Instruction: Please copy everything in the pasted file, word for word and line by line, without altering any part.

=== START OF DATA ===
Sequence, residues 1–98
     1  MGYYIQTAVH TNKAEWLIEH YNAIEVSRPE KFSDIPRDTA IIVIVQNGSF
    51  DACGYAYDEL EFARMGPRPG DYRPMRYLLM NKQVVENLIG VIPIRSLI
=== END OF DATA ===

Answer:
Sequence, residues 1–98
     1  MGYYIQTAVH TNKAEWLIEH YNAIEVSRPE KFSDIPRDTA IIVIVQNGSF
    51  DACGYAYDEL EFARMGPRPG DYRPMRYLLM NKQVVENLIG VIPIRSLI